The 2009 report finds statistics fundamentally unreliable, slow, and missing the objectives to be pursued. Indeed, the policy objectives so important to 1972 and 1995 reports are dismissed as “tautological” (SOU 2009:16: 37). Instead, it tries to construct an entry into the 21st century, putatively informed by cultural theory, where focus is no longer on the targets of distribution of culture (whether they be units of classes or individuals, they are statistically misconstrued unreal entities anyway, the report suggests): instead the focus is on the self-monitoring delivery systems of culture, such as audits, benchmarks and best practice regimes.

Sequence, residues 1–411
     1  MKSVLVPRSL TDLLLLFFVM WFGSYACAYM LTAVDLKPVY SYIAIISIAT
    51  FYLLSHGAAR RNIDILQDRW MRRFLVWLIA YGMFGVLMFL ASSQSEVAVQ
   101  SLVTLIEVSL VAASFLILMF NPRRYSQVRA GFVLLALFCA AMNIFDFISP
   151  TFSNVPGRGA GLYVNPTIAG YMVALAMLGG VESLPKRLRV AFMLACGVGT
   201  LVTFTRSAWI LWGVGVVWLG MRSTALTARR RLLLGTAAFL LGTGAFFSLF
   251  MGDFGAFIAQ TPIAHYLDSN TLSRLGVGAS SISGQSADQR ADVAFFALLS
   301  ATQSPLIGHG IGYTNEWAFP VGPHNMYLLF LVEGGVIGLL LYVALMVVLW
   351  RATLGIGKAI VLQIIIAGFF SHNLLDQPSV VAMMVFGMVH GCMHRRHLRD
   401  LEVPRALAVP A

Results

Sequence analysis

Since 2009, the sites producing metrologies have been proliferating. In this era of cascading metrologies, the global dimension of cultural policy has become even more pronounced. Even if states still underwrite the cultural budget, cultural policy is increasingly audited by the supranational agencies driving the development of metrologies. Metrologies are at the very centre of the performated social aggregates that make up our world. Without paying attention to these rationalizing and technologizing agencies, we will never quite understand how cultural policy was able to develop into the unified, global field we see today.
We thank the Swedish Foundation for Humanities and Social Sciences for their generous support of our research.